Armstrong Williams
The case for attacking Iraq and overthrowing Saddam Hussein's dictatorship is straightforward: Hussein is evil. He is manufacturing biological and chemical weapons and, according to recent remarks by Colin Powell on NBC's "Meet the Press," Hussein is desperately trying to build a nuclear bomb. He has used weapons of mass destruction on his neighbors and against his own citizens. (Is there any doubt he would direct them at us, if given the chance?) His government funnels money to the families of Palestinian suicide bombers. He nourishes hate and fanaticism in the hope that terrorism of the Sept. 11 variety will continue to replicate throughout the world. In the past, the United States has intervened to stop such anti-human regimes. We did so against Germany in World War I and then again - albeit after much costly hand wringing - in World War II. We blocked imperial Russia and worked to foster democracy and human rights reforms throughout the world. We have done so not in immediate self-defense, but out of a moral obligation to foster those basic human rights that we associate with happiness. We have done so to protect the balance of power. And we have done so because free trade and the freedom of expression end war. The world has become a better and safer place as a result. Even so, scholars now question the legal authority for U.S. intervention in Iraq. "There is ... no doubt that the U.S. government, including Congress, is overstepping its limits in the matter of Iraq," wrote famed linguist Noam Chomsky in an online PBS forum. "Those limits are clear and explicit," he continued. "They are embodied in the Charter of the United Nations... The Charter declares unambiguously that the UN Security Council alone 'shall determine the existence of any threat to the peace. ... The one exception is the right of self-defense against "armed attack."... These are the "limits" that bind law-abiding states." The major implication: Should the United States attack Iraq, we would be on par with the lawless and repressive regimes we regard as our enemies. That's a nice bit of ivory tower reasoning. Separated from the world by two oceans, we can sometimes be susceptible to such decadent reasoning. So perhaps a bit of perspective is in order: When Hitler's forces tore through Europe, the preeminent powers at the time - the United States, England and France - all refused to immediately defend their interests. They tried to assuage and appease the Nazi regime. Hitler read this meekness as an invitation to strike with impunity. And so he increased his aggressions. Stop Hitler at the Rhine and we stop World War II. Sometimes there is an obligation to act before one is directly attacked. That is why the United States must facilitate a regime change in Iraq, regardless of whether France wags their finger at us or Russia objects - they do so largely out of sibling rivalry and envy. The only debate right now should be about tactics. After all, the threat that confronts us is straightforward. Saddam has demonstrated the will to use weapons of mass destruction. We know that Saddam is desperately trying to accumulate nuclear weapons. Already, he has stockpiled chemical and biological weapons - weapons that could be exploded via crude suitcases or biological bombs in major cities across the United States. Just that easily, our economy and our way of life could be devastated. This is the reality that confronts us. To ignore these facts is to invite disaster.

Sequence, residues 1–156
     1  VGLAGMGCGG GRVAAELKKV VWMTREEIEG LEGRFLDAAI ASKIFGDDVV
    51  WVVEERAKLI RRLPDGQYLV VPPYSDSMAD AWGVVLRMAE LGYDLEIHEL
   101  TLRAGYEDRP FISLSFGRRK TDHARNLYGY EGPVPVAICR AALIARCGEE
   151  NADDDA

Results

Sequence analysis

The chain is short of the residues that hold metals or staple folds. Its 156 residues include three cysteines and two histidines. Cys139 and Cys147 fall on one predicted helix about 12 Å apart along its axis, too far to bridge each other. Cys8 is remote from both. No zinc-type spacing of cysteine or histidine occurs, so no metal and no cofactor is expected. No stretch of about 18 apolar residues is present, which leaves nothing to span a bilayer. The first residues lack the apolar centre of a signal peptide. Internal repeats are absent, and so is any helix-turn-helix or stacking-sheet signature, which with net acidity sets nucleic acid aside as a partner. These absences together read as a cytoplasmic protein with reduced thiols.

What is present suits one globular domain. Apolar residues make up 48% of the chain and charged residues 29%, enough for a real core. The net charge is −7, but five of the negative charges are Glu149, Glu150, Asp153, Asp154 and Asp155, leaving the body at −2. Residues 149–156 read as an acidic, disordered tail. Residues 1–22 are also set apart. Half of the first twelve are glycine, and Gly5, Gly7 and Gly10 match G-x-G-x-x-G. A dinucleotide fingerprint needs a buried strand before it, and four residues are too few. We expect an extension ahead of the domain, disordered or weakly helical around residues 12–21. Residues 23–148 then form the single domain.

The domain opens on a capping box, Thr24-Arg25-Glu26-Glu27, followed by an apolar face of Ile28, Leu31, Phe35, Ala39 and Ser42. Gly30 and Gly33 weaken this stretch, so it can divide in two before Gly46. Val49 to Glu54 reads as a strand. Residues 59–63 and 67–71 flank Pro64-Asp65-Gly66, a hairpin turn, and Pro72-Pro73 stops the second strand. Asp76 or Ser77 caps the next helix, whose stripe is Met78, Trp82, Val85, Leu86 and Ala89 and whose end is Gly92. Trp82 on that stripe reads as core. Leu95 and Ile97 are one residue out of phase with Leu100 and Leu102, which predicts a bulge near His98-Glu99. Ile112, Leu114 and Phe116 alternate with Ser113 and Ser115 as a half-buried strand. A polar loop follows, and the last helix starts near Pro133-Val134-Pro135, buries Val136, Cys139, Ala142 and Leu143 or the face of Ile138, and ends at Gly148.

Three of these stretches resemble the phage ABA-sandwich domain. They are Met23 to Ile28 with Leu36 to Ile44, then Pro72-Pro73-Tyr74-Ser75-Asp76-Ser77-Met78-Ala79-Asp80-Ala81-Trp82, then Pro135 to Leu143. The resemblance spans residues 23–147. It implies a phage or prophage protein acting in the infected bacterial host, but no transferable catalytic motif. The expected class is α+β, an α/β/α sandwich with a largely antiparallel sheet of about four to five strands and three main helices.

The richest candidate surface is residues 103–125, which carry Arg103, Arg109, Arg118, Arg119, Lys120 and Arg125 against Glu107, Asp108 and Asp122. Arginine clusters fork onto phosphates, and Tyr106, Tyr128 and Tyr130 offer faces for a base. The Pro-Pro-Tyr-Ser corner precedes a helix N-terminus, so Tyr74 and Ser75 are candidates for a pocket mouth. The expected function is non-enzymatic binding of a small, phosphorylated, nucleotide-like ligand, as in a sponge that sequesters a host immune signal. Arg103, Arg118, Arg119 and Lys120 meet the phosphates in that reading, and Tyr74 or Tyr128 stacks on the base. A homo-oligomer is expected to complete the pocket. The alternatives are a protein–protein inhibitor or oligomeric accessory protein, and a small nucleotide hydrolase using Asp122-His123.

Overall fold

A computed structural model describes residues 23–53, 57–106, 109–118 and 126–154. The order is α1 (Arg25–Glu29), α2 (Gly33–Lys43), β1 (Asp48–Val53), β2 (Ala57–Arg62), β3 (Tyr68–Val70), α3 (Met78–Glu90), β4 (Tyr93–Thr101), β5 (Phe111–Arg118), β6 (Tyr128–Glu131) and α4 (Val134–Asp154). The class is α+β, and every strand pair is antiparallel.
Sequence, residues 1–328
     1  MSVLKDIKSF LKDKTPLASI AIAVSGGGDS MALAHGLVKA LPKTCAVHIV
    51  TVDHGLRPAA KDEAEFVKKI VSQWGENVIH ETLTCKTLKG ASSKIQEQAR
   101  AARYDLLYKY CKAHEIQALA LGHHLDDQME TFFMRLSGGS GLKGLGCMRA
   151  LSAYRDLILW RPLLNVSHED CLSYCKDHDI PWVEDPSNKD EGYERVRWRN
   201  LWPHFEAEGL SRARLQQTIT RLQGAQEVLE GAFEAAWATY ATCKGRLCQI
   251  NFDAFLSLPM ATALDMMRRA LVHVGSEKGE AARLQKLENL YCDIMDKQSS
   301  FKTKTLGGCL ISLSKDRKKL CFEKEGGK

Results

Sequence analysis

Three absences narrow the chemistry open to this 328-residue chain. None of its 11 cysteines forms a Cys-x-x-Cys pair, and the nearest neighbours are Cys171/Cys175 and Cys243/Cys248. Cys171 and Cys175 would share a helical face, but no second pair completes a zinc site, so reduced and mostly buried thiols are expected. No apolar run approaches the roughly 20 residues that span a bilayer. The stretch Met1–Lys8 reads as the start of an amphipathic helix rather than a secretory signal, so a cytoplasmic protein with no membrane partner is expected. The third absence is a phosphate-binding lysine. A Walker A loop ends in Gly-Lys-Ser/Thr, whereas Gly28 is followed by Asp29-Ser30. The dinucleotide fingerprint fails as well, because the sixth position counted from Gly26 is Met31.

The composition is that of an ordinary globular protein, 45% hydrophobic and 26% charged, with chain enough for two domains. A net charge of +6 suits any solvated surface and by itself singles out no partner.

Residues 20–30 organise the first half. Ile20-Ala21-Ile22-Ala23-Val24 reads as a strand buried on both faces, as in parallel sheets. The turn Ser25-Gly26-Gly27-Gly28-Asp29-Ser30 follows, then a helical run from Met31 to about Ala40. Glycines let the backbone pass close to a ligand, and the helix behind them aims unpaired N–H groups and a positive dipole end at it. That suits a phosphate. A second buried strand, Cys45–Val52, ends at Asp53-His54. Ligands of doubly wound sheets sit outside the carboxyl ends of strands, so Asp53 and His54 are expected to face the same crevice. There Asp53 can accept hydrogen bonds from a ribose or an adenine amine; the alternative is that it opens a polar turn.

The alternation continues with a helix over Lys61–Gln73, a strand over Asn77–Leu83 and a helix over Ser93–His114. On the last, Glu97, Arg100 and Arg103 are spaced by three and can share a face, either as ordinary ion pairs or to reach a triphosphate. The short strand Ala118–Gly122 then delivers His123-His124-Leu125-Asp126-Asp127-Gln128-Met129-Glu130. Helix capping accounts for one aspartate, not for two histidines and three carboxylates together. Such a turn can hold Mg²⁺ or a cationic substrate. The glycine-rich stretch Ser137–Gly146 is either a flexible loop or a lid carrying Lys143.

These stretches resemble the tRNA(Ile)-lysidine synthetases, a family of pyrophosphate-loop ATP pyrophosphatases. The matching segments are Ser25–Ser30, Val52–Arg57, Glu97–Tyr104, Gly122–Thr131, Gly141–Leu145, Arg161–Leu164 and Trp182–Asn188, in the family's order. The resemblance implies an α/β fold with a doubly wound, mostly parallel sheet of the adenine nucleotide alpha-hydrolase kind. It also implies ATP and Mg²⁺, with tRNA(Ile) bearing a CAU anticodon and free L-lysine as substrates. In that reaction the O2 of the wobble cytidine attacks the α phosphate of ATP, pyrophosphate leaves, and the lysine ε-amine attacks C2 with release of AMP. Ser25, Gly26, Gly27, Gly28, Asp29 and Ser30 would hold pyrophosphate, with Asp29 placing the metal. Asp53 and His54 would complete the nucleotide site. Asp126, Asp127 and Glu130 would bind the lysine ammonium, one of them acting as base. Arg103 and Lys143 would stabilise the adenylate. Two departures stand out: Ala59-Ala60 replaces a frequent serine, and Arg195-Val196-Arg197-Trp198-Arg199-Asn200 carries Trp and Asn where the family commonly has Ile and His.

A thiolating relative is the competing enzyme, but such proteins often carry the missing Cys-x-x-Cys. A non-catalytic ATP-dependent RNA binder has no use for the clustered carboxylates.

Armstrong Williams

Armstrong Williams is a widely-syndicated columnist, CEO of the Graham Williams Group, and hosts the Armstrong Williams Show. He is the author of Reawakening Virtues.
 
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